As I watch the farm buildings in the valley begin to turn gold and their shadows lengthen. I have to accept that time really has caught up with me. I mount up again and finally turn for home. The sun low, behind me now, catches me out. I curse as I turn around and it reflects in my mirrors into my eyes. I move my head to adjust the angle, and set off again. I am riding with more purpose now, less meandering and more directly to my destination. As I reach an open stretch of road I notice that I am following my own shadow. I crest and then descend the dips in the road. My shadow shortens then lengthens. I wave to myself, first an arm then both legs. The road is empty, fortunately. Anyone seeing me would think me a fool. I laugh aloud at that thought, the sound strangely echoing inside my helmet. The road curves and my shadow is riding alongside me rather than leading the way. I open the throttle a little, but then decide to resist the all too real temptation to race my own shadow, a race that I know in my head could only lead to disaster but surely one every child on a pushbike has tried at least once. Instead I glance across to see the shapes it makes in the hedgerow and in doing so am lucky enough to see a bird of prey dive and strike, but at this speed I am gone before I see if she has taken her prey.

I take the next turning, heading downhill and into the shade. Trees overhang the road, still with their leaves at this time of year. It’s dark on this road, much darker, like entering a tunnel or the sudden onset of night. The temperature drops what feels like ten degrees. I shiver, but quickly reacclimatise. The road is narrow. It curves and bends back on itself down the steep valley side. The bike comes alive again, back in her element. She accelerates out of each bend, brakes, leans into the next one and then does it again and again as we weave down the valley side. I am wary of damp patches, mud on the road, anything that could make me skid and slide. But my bike is sure footed and she seems to steer herself around any obstacles with just a thought from me. Trusting her instincts I take in my surroundings. A brook crosses and re-crosses my route just below the road, rushing in its urgency to feed the mill ponds and the river in the valley bottom. Lush grass grows along its banks. I smell the wild garlic that grows like weeds in the un-mowed verge. That smell reminds my stomach how long it is since I last ate. My thoughts turn to food and home, only twenty minutes away. I emerge into light and turn back in to the traffic and boring busy roads. The fun is almost over, we’re like everyone else now, chasing the fading daylight in the hope of getting home before darkness and real cold descend.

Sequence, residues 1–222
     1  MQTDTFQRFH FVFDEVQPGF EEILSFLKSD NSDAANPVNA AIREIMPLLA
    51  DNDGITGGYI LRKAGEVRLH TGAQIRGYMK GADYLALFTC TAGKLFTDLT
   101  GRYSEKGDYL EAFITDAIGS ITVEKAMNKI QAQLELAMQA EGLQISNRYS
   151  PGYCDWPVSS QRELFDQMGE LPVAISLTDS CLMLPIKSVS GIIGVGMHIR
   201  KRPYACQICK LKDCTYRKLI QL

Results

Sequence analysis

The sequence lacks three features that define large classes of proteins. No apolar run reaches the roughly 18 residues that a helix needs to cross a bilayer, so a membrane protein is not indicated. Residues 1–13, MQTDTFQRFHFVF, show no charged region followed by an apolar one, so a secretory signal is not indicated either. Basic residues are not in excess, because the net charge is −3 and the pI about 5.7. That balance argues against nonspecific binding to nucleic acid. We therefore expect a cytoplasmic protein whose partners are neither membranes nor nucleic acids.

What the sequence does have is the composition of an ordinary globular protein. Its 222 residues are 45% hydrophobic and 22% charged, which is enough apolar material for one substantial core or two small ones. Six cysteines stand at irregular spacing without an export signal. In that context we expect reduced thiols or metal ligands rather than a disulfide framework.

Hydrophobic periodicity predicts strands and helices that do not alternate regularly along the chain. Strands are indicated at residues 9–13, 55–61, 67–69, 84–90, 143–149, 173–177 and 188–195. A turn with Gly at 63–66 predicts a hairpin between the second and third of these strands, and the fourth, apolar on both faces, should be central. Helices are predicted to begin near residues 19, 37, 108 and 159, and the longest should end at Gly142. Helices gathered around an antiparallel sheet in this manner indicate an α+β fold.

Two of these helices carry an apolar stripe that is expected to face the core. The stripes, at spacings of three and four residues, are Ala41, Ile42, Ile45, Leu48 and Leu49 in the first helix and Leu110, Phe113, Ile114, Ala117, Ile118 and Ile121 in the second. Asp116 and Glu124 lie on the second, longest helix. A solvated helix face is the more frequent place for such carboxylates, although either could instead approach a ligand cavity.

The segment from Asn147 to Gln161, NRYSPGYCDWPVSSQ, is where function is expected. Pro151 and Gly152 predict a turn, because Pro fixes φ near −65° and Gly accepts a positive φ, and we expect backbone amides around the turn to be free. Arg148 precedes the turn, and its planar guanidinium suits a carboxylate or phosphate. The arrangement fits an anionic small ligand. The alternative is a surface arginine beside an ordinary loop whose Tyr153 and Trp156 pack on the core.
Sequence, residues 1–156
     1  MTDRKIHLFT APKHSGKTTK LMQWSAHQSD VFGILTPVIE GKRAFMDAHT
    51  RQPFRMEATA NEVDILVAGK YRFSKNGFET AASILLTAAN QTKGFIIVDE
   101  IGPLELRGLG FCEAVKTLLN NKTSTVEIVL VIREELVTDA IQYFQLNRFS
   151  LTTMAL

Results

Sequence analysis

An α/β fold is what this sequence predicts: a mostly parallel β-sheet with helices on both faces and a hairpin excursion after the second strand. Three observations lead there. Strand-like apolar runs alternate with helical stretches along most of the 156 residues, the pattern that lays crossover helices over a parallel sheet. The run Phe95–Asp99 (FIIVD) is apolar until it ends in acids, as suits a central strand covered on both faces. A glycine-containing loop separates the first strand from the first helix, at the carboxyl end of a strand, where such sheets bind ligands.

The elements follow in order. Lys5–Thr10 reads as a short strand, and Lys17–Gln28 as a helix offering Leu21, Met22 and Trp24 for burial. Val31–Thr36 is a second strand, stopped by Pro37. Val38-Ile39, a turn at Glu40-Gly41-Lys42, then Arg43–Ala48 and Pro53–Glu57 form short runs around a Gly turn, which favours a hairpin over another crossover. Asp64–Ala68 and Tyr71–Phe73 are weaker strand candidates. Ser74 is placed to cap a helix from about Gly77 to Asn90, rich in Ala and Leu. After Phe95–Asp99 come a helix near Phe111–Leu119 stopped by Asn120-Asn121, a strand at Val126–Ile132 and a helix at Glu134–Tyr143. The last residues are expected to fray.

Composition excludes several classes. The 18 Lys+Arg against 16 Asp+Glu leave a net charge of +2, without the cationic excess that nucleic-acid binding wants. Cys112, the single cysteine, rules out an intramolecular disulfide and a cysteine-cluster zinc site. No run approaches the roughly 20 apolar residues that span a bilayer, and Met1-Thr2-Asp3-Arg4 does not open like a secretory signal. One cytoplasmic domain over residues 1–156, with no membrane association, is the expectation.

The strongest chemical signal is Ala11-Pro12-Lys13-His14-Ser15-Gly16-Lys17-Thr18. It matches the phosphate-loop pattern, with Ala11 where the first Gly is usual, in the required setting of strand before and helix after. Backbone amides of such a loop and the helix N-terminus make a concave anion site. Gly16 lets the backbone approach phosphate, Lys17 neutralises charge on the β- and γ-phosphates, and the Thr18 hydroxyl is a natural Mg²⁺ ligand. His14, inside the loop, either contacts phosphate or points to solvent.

I recently heard someone say that the car is a modern hermitage, a place of seclusion and thought. I beg to differ. My car has far too many distractions. I have music, radio, satellite navigation, passengers who can talk to me. It is a tool. A machine designed to do a job. A job it does well, but a job nonetheless. My hermitage is my motorcycle. Within a crash helmet I am, in a very real sense, alone with my thoughts. And when the only limit is a self-imposed time limit and therefore endlessly flexible, I have time to think. Not about work, not about the jobs I have to do at home, not about money or my problems. None of that enters my mind. I am truly de-stressed and relaxed.

People ask me why I ride a bike. This is my answer.

(C) Chris Johnson 2017 & 2020